Post Natal Exercises
After two to three weeks following the birth of your baby you could follow these three steps to recover after childbirth:
- Rest: It is especially important to rest after the birth of your baby to minimize discomfort and relieve the pelvic floor and abdominal muscles from weight. Lie down for 30 minutes, twice a day.
- Use ice: If you gave birth or tried to give birth naturally, the use of ice or a clean panty, notched with cold water placed in the refrigerator, will help reduce swelling and pain in your perineum. Try to do so in the first 72 hours after giving birth to facilitate your recovery.
- Exercise: Pelvic floor and abdomen muscles exercises will help you regain your form and restore the skin around stitches. Provided you are not in pain, you can start these exercises one or two days after the birth of your baby.
Pelvic floor muscle exercises: The pelvic floor is a group of muscles that form the base of the pelvis. It consists of a group of muscles from the pubic bone, the front of your abdomen, to the coccyx in the lower part of the spine. The pelvic floor muscles support the rectum, vagina, and urethra. The pelvic floor helps: to tighten the vagina and close the urethra and anus to avoid leakage of urine, faeces or gases, to support the pelvic organs and abdominal contents, but also to allow sexual intercourse. Your pelvic floor is under pressure during pregnancy, carrying the extra weight of your baby and being affected by hormones. During childbirth, the pelvic muscles suffer from large disruptive forces. Pelvic floor exercises will help prevent atony, maintain muscle tone, and improve muscle control.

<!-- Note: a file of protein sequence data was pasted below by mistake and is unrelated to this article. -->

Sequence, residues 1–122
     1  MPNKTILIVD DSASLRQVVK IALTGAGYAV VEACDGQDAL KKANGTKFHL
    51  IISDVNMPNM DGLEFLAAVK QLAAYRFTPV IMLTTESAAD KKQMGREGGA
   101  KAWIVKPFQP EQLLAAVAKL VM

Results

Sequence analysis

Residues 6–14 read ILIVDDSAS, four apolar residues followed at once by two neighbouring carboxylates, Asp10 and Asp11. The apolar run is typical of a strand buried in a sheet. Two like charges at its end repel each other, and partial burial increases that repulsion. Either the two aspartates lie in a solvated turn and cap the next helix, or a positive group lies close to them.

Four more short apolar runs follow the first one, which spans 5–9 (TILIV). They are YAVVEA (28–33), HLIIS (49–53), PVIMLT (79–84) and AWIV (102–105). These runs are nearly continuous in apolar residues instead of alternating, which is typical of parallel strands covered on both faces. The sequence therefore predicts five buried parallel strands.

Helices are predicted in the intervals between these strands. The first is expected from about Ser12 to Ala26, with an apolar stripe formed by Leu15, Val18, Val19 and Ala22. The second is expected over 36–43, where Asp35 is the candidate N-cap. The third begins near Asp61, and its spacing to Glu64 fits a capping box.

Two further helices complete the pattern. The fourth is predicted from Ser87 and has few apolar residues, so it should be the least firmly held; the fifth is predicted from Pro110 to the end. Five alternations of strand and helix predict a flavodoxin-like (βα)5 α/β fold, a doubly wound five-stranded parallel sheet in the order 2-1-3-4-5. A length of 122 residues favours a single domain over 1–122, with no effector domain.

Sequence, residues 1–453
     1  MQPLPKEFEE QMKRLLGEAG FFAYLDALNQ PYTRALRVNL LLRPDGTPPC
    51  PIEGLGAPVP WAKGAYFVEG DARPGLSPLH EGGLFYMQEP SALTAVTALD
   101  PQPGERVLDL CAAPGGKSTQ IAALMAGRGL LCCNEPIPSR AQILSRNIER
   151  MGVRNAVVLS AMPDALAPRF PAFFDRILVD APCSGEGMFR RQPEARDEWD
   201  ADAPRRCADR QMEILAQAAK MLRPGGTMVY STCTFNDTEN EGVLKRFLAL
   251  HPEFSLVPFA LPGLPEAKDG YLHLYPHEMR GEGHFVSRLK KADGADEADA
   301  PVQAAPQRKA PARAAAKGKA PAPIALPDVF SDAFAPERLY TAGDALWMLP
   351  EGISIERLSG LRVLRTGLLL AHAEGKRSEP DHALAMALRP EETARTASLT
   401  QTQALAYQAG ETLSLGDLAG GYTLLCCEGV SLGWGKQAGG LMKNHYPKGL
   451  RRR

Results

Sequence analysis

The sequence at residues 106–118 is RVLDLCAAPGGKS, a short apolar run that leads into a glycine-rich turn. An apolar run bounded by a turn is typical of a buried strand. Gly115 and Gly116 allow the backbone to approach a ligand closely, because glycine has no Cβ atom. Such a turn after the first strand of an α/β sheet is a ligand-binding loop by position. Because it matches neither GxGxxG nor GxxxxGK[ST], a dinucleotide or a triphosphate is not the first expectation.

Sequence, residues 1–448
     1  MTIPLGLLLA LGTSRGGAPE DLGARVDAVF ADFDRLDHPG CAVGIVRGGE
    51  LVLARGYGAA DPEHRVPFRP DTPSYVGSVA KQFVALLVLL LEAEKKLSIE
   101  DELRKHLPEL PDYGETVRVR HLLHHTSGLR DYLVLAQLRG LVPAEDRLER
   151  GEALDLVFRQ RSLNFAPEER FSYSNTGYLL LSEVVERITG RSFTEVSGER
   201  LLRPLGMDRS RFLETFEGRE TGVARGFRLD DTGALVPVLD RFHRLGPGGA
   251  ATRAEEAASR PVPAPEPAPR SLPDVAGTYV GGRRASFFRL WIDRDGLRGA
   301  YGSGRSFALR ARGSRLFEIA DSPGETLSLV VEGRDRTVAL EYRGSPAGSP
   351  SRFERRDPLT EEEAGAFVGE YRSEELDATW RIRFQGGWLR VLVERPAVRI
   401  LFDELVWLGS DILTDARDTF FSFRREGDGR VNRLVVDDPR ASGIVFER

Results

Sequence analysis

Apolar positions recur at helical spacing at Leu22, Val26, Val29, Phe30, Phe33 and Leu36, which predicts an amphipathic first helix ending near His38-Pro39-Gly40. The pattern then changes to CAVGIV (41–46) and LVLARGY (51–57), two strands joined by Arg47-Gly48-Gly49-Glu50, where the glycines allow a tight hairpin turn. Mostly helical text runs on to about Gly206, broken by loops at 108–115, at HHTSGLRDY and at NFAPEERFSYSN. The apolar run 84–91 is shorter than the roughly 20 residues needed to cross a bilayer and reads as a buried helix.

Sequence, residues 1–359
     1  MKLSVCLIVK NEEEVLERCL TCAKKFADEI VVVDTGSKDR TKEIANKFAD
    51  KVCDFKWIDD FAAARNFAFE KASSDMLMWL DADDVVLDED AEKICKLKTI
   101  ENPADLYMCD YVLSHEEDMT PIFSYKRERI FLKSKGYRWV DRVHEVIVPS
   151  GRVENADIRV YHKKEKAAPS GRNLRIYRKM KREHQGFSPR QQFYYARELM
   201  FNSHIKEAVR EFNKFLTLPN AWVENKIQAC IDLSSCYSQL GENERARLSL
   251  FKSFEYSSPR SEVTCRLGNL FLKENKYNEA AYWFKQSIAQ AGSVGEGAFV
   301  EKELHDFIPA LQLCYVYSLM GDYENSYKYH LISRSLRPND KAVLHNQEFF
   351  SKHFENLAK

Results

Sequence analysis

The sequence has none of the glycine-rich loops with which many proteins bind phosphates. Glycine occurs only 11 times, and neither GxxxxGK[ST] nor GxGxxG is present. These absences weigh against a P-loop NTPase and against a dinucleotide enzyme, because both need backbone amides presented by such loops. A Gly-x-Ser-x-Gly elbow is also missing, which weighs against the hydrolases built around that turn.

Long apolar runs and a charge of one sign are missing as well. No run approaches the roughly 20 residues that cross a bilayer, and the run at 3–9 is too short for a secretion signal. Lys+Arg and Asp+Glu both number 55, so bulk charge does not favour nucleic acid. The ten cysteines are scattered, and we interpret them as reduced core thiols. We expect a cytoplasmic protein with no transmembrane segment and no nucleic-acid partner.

Pelvic floor exercise 1: This exercise will help strengthen the muscle.
- Tighten the muscles around your anus, vagina, and front of your perineum, such as if you were trying to stop the gases and urine at the same time.
- Keep this contraction for as long as you can.
- Rest for 4 seconds and then repeat the contraction as many times as you can. Repeat for 10 seconds and repeat for 10 times.
Pelvic floor exercise 2:
- It is important to be able to practice the pelvic floor muscles quickly so that they can react to sudden events such as coughing, laughing, or exercising (which add pressure to the bladder).
- Tighten the pelvic floor and hold for a second before loosening the muscles.
- Repeat, tightening and loosening firmly for as many times as you can, up to a maximum of 10 times. Try to tighten the muscles vigorously in each contraction.
- Try to do a series of slow contractions (exercise 1) and then a series of quick conjunctions (exercise 2) at least 3 times a day.
- Practice when you are lying, seated, and standing. Continue to practice the muscles of your pelvic floor for the rest of your life.
Caution: Do not stop and re-enter urine flow into the toilet. This is not a safe exercise.